I do realize that humbleness is a virtue. I also realize that there are too many people, faux-profiling, posing and gushing over social media sites without having done the work to warrant such self-flagellation. But I also understand that a little arrogance is needed when at times true confidence is hard to find. You know, faking it until you make it? Odds are, it was probably West’s inflated ego, which gave him the gumption to fund his very first music video at a time when his label wanted to put his project on the back burner for easier and more marketable hip-hop artists. And there is no doubt that it is West’s continued stroking of his own ego, which compels him to step out the box and test the limit of his artistry. You have to be a pretty vain mothersucker to sing on an album knowing damn well you are nowhere near close to being a singer. And yet, it totally worked (off-key and all), because he was going to make sure it worked.
In Zoe Saldana’s recent Allureinterview, the Afro-Latina female actor has once again stated that she is unconcerned with any backlash she receives for playing legendary singer and activist Nina Simone. In a perplexing statement, she compares her controversial casting as “The High Priestess of Soul” to Elizabeth Taylor playing Egyptian Queen Cleopatra VII in the 1960s.
“Let me tell you, if Elizabeth Taylor can be Cleopatra, I can be Nina — I’m sorry,” Saldana, 34, said unrepentantly. “It doesn’t matter how much backlash I will get for it. I will honor and respect my black community because that’s who I am.”
Who Saldana is may be clear to her, but her understanding of who Nina Simone was and from where the criticism stems appears to be minimal.
Saldana: Out of touch with African-American audiences?
Contrary to Saldana’s personal beliefs, the vast majority of observers who have weighed in on director Cynthia Mort’s decision to cast Saldana, from India.Arie to Nina Simone’s daughter, Simone Kelly, are black and view it as the ultimate show of disrespect. Not only because it is an aesthetically horrific choice that relies on blackface and prosthetics to pull off, but because Nina’s rich, dark skin, kinky hair and full lips shaped her life’s experiences, subsequently shaping her music.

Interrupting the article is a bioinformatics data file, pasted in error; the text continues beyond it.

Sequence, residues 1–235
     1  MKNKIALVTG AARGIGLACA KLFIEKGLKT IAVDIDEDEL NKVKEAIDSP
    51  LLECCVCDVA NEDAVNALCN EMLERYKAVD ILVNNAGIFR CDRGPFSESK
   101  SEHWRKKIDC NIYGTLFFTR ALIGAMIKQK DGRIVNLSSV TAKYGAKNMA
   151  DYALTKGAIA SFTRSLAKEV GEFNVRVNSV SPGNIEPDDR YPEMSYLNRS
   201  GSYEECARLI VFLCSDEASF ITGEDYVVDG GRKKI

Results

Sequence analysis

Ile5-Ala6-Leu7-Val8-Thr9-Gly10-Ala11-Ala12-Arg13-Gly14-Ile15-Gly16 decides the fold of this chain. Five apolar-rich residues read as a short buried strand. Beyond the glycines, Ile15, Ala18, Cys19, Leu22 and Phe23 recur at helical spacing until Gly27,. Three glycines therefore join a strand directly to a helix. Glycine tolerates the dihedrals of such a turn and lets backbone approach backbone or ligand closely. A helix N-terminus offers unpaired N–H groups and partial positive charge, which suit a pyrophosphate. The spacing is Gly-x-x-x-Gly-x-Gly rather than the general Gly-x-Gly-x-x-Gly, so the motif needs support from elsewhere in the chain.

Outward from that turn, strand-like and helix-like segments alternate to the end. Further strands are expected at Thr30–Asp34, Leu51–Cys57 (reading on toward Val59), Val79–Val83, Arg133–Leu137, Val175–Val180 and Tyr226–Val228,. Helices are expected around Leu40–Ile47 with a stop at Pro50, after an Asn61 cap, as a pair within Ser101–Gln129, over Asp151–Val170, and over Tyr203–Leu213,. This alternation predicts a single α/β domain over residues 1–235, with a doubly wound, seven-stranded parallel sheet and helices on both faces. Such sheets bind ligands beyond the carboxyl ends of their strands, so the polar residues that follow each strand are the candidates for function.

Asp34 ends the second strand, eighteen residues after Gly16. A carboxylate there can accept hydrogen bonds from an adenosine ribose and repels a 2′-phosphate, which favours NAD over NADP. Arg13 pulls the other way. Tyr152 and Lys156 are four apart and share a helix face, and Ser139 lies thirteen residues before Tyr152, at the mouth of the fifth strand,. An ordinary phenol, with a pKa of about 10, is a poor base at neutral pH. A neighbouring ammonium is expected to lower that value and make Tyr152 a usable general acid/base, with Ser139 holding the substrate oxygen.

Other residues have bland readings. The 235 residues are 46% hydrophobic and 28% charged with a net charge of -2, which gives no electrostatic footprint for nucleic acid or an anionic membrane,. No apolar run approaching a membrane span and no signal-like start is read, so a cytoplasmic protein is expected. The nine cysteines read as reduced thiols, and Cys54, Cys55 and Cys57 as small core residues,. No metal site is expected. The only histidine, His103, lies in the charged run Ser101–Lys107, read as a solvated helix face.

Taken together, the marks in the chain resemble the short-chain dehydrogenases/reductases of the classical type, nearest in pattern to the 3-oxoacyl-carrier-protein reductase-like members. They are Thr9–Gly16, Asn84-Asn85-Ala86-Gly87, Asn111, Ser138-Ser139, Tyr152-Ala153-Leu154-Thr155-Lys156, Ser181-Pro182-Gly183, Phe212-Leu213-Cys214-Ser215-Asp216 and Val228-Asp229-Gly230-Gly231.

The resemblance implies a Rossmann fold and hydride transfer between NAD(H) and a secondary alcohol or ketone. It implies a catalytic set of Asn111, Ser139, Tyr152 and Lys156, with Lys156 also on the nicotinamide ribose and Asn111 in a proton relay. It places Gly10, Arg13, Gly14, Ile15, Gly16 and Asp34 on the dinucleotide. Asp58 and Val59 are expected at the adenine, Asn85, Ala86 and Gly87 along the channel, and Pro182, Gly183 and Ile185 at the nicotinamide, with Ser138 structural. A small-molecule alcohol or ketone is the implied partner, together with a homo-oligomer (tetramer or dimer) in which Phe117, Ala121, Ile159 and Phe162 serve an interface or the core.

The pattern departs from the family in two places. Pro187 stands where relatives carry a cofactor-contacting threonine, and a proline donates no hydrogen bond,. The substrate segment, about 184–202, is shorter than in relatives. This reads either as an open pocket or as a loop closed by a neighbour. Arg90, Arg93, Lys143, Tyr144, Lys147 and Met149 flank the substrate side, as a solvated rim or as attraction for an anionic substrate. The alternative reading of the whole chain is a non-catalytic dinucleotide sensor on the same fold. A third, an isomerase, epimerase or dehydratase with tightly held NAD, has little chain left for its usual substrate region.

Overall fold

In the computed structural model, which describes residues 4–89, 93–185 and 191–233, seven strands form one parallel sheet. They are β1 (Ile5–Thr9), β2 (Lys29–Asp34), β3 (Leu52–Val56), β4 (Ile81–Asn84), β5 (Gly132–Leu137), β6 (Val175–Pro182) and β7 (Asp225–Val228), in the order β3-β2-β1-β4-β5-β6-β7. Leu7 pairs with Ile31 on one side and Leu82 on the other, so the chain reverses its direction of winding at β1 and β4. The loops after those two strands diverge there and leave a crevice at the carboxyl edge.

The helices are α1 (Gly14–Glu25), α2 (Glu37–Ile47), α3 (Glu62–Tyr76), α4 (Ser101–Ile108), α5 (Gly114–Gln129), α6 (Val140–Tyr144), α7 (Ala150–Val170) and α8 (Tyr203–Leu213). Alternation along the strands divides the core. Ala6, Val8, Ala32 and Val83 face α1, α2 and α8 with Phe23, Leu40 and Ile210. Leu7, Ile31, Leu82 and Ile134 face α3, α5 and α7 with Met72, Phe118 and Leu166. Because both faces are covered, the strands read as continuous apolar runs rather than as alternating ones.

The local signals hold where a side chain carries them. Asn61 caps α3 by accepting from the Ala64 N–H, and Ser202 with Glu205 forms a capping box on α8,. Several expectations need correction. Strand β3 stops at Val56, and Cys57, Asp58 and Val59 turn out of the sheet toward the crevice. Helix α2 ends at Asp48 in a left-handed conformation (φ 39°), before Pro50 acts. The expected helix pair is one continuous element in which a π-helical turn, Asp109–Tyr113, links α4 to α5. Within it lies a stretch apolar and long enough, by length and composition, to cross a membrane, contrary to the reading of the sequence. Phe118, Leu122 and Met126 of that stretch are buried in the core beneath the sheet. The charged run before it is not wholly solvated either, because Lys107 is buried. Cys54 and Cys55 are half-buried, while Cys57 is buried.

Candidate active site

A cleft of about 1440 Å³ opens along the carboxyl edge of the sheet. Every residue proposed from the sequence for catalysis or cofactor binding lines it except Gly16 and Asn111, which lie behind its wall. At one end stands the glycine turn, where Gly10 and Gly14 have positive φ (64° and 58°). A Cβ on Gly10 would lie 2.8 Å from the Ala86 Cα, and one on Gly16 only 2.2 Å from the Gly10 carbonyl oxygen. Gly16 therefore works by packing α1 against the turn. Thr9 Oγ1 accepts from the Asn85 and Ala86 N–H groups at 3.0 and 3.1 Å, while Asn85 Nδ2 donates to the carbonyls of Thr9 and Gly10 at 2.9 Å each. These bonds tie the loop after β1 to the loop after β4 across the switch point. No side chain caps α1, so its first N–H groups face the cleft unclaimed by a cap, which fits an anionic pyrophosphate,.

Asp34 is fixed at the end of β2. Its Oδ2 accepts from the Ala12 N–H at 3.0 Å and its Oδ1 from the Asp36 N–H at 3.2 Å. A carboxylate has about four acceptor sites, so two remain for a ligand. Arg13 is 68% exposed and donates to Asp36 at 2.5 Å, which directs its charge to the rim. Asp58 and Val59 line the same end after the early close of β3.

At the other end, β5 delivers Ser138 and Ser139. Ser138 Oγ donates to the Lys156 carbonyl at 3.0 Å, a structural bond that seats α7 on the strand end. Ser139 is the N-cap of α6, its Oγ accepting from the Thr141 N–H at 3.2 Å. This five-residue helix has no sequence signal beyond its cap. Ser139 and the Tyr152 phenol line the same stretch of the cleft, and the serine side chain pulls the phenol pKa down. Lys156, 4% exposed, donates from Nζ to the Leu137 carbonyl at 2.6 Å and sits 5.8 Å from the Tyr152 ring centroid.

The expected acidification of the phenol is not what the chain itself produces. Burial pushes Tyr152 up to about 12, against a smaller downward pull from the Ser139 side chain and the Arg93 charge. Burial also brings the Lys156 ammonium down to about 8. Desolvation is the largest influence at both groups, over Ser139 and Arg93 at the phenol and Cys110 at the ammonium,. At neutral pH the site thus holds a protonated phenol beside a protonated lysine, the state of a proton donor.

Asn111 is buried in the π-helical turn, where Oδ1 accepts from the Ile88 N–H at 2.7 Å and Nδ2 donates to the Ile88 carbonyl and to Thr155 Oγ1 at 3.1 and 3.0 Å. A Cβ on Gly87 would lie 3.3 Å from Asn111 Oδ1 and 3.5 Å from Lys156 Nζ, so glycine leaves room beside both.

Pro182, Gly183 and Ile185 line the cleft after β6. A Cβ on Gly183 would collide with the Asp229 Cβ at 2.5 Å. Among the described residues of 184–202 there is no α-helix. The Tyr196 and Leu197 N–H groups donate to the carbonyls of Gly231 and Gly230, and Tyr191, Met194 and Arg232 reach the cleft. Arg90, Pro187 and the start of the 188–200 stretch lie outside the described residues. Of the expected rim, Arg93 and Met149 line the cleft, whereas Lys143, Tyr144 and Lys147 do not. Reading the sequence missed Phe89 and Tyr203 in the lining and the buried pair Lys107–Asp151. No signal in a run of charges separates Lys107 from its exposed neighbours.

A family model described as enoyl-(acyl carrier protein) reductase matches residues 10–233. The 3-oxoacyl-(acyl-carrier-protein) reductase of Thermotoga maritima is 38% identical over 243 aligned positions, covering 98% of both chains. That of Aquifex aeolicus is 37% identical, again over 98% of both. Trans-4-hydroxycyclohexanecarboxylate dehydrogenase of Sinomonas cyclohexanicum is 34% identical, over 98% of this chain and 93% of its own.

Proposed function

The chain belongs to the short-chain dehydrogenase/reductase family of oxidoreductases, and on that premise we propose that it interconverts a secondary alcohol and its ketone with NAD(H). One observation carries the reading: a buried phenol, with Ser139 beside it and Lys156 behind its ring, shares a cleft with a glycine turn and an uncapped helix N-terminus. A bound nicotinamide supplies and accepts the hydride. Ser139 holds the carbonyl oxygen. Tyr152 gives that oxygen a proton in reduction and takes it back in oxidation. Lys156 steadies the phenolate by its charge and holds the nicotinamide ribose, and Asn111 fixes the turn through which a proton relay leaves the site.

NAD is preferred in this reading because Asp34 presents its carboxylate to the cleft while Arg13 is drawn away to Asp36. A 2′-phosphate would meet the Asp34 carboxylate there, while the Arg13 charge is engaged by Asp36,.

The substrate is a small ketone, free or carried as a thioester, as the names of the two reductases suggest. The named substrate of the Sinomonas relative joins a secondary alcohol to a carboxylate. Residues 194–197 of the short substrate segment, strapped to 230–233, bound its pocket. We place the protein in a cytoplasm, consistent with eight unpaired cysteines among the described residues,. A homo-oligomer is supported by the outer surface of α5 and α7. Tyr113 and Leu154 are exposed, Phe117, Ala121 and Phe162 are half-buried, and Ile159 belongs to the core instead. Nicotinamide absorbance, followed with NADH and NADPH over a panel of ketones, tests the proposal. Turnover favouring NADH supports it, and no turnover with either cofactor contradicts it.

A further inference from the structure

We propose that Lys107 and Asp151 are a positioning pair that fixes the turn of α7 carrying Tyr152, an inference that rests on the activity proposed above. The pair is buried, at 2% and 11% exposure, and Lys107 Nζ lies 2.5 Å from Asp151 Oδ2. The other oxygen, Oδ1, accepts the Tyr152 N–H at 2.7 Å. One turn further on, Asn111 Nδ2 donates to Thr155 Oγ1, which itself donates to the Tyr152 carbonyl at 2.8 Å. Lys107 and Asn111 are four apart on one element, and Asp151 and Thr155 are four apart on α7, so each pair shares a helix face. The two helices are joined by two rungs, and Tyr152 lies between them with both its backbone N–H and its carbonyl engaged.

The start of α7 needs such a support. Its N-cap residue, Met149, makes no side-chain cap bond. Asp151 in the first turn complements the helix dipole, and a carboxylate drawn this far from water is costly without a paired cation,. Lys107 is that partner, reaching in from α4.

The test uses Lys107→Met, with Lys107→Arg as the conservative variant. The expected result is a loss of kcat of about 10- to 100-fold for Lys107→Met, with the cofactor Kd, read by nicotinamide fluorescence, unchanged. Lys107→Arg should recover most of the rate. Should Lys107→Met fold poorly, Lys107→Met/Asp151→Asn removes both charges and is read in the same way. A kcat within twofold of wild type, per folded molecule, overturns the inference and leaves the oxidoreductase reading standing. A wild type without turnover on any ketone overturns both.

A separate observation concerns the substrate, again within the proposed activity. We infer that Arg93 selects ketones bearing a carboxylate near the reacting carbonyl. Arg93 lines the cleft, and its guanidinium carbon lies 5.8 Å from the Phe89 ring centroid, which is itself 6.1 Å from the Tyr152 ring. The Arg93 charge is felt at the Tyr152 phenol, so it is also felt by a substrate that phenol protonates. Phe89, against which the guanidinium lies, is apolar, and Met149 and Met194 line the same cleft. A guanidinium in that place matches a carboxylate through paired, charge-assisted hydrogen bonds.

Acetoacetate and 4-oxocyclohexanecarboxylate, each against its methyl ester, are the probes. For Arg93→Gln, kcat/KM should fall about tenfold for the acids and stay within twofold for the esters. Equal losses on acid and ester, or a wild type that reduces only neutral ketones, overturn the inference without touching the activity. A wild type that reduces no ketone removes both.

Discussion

Nina Simone would not have been able to conjure “Mississippi Goddam” and “Four Women” from the depths of her soul had she been born with more European features and straighter hair.
Further, it is both fitting and unsettling for Saldana to compare herself to Taylor. Cleopatra, whose black African heritage has been passionately argued for and against, has been described as both “tawny” by Shakespeare and a “negress” in some historical texts. For Saldana to claim that casting the extremely pale Elizabeth Taylor to play her somehow justifies her own misguided role as Nina Simone is a slap in the face of the black community she claims to represent.
Her history of ignoring racial history
And this is not Saldana’s first time brushing off criticism as inconsequential.
“What keeps me focused and what kept me from getting stressed from being hurt by the comments is I’m doing it for my sisters, I’m doing it for my brothers, and I don’t care who tells me I am not this and I am not that. I know who I am, and I know what Nina Simone means to me,” Saldana said in an interview with HipHollywood.com.
“I can only rely on that and maintain as much humility as possible, so that when I have to face the world and we have to then give the movie to the world to see, and share it with them, that if it comes back in . . . a negative fashion or positive, I’m gonna keep my chin up. And Nina was like that too. I did it all out of love for my people and my pride of being a black woman and a Latina woman and an American woman, and that’s my truth.”
Colorist privilege with questionable consequences
That curious blend of arrogance and accessibility seems to be the root of criticism aimed at Saldana. She is not embracing her community; she is saying through her dismissiveness that how we feel doesn’t matter. By ignoring the hurt of Nina’s family and the pain of black women who have been deemed too dark, too heavy, too ugly to be portrayed on film as anything other than maids, slaves, and whores, Saldana becomes part of the problem.
Read more on TheGrio.com.
A year ago, if you walked up to me and said, “Girl, that is a gorgeous skirt!” My response might have been something like this:
*bashful blush* “Aw, thank you, but girl, I got this at Macy’s when they were having one of their huge sales. It was only $15. I’ve had this thing for years. I need to go shopping because I need new stuff…”
*cue awkward silence*
A year ago, 99.9 percent of the time, if I received a compliment I didn’t just utter the only two words necessary (“Thank you”), I launched into a reasoning fit, a full-fledged campaign to explain myself away and shoot down any reason to have been given the compliment in the first place. I had no clue I was doing it and, to be honest, I don’t remember the turn of events that made me aware of it. But somewhere along the way I began to examine my interaction with others. It was/is nothing for me to compliment someone else. To express my appreciation of their wit or intellect. To fawn over the next woman’s style. To affirm the next person’s beauty. I actually enjoy it. But to receive such recognition, even in my newly enlightened state, has been and still can be most uncomfortable.